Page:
Heat pumps are very popular in households and the three most popular types of Heat Pumps are Ground Source Heat Pumps, Air Source Heat Pumps & Absorption Heat Pumps. These three works very much like each other. However, they differ in source and some other aspect.

Knowing the differences between these 3 different types of heat pumps will help you decide whether or now you need a Ground Source Heat Pump or an Air Source Heat Pump or an Absorption Heat Pump.

First of all, just to get you caught up, here’s what a heat pump is –


What is a Heat Pump?

A heat pump is very much like a refrigerator. They are not like a traditional central air conditioner. While traditional air conditioning units push the air of your room to outside, these heat pumps push the air inside the room. What they do is, extract the heat form any cold space and then releasing the heat into an even warmer one. So, basically what they are doing is, extracting heat from the outer environment where it is colder and then transfers the heat into a controlled environment like your bedroom, living room or kitchen.

You must be wondering – what happens when you need to cool the room instead of heating it.

Well, the heat pumps can handle that too.

When situations like this arrive when you require cooling instead of heating, the heat pump just reverses the cycle. Since they are capable of both heating and cooling, they have grown to be one of the most popular HVAC system equipment. The market is literally filled with heat pumps for Trane systems, Carrier system, GoodMan, etc.


1.      Air Source Heat Pumps

Air Source Heat Pumps is very common to see in the households because people are familiar with the functionality.

It has an outdoor fan that brings air from outside to the refrigerant-filled coil section. There are 2 sets of these refrigerant-filled coils. These 2 sets of coils transfer the heat inside and there the air is blown away to the controlled room by another fan. This second fan distributes the air evenly into the room which is one of its primary jobs.

Some of the Air Source Heat Pumps are included with one single packaged unit. This unit consists of both of the sets of refrigerant-filled coils. Then this box with the coils inside is installed on a building’s roof where it connected to the room via air ducts. Due to the lack of HVAC installation hassles, these are very popular among the commercial community and this rooftop setup is also dawned for these commercial uses.

Many big commercial buildings use them to ensure heating and cooling inside the building is at optimal for energy efficiency and comfort. On the other hand, the air source heat pumps that are used in the households are fairly compact and implemented in the home as a split system. Here, an outdoor component is set up outside your house and the indoor one is mounted on the wall inside your home. But depending on the size of the house and the layout, you could be needed several indoor & outdoor components.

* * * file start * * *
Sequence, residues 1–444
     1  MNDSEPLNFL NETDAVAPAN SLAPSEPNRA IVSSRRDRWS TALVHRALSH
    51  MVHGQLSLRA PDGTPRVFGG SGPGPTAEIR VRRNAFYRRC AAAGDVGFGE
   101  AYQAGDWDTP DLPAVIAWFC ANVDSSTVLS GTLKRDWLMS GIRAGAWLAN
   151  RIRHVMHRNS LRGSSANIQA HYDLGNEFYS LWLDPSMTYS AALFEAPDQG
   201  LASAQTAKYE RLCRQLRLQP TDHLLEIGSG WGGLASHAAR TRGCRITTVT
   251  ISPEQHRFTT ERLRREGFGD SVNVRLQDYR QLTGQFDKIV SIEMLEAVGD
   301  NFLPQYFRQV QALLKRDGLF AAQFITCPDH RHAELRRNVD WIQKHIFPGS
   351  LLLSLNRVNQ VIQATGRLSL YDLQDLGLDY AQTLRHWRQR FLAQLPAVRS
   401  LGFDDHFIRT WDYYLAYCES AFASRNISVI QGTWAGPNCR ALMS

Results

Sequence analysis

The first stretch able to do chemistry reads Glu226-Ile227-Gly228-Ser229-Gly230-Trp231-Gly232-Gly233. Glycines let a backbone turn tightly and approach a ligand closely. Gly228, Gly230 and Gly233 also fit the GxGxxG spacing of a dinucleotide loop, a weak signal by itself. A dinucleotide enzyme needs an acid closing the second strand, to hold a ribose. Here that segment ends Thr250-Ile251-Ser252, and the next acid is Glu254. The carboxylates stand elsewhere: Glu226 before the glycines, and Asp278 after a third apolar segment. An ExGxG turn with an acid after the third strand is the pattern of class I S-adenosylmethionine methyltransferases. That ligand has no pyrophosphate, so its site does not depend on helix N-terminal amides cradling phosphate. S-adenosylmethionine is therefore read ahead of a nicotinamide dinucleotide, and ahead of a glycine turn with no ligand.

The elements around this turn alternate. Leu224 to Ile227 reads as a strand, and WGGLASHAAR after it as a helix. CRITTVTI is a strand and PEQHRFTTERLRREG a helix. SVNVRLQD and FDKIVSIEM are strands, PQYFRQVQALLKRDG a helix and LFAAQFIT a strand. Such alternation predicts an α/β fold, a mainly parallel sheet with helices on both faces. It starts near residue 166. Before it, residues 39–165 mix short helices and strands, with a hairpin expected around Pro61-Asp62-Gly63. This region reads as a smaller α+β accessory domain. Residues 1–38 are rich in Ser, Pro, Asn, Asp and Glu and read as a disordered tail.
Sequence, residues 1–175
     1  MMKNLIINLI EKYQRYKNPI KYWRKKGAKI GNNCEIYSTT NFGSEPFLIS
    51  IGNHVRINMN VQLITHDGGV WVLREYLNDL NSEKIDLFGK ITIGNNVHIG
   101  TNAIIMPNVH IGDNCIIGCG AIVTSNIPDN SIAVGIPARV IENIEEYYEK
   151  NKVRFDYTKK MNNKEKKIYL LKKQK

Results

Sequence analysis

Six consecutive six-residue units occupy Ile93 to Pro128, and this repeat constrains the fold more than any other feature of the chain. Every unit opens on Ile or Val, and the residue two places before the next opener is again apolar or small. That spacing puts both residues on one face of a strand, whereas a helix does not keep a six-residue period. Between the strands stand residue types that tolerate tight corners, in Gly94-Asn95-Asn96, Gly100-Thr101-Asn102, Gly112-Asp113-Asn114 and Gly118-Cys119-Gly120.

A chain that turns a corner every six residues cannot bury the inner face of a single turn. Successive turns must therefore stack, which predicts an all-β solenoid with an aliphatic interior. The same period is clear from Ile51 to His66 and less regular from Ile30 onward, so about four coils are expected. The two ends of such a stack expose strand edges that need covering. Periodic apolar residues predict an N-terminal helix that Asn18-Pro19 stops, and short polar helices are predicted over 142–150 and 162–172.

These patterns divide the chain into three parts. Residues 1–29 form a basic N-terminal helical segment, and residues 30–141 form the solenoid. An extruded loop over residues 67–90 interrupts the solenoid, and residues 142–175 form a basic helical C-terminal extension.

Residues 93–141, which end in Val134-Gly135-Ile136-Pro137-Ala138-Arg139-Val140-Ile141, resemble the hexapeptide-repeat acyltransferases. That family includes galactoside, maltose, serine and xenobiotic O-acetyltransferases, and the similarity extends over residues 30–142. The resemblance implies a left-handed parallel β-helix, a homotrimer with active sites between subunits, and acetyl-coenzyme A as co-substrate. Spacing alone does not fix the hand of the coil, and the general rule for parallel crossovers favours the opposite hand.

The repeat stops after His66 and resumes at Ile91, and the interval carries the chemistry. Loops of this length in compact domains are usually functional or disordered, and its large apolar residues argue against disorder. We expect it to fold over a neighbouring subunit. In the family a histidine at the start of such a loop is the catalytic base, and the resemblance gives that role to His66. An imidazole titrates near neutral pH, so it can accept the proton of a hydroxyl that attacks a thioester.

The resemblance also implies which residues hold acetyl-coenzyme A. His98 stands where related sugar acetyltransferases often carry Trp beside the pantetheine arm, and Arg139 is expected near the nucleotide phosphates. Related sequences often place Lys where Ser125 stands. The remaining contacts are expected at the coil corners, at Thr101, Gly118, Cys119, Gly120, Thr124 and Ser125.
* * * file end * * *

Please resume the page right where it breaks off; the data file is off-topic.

2.      Ground Source Heat Pump

Ground Source Heat pumps are often called Geothermal Heat Pumps. Unlike the air source heat pumps, these ground source heat pumps absorb the heat from the ground. The ground source can also be a water source if needed. As you have guessed by now, these units are also capable of both heating and air conditioning. They absorb the heat from the water source of the ground and then transfers the heat indoor or vice versa depending on your need.  

The most popular and common types of ground source heat pumps use the buried pipelines that are filled with refrigerant or water. These pipes with liquids filled in them are either open-loop system or closed-loop system. When it is an open-looped system, the liquid is flushed out and when it is a closed system, the liquid is reused over and over again. The heat was extracted from the water and then the heat is transferred indoors.


3.      Absorption Heat Pump

While air source heat pumps and ground source heat pumps are used in households these absorption heat pumps are being used in large-scale facilities and commercial application. People can install it on their houses too but it being bigger than usual houses would help with the AC Repair and air conditioning service expenses.

The biggest difference between a standard air source heat pump and an absorption heat pump is the fact that standard air source heat pump compresses the refrigerant and in the absorption heat pump, ammonia is absorbed into the water. Following this internal event, a low powered pump then pressurizes it. The ammonia is then boiled out by the heat source and the entire process starts all over again.


Which one would you need?

Well, just like which central ac unit will suit my home the best, this question also depend on a few factors.

First of all, you need to ask yourself what source is more easily and effortlessly available to you. Then you consider how big your house is. And lastly, make sure the expenses for the entire house ventilation gets under the budget your planned for.


Bottom Line

When you get to know the Ground Source Heat Pumps, Air Source Heat Pumps, and Absorption Heat Pumps all well, you can safely estimate the AC Replacement costs as well as the HVAC cost for purchasing a new unit. Besides, they can also help you with the estimation of the AC maintenance & repair cost which includes, some general costs of HVAC system maintenance like the air duct cleaning cost. But most importantly, you would now be able to make a sound decision now that you know the differences, advantages, and disadvantages of them.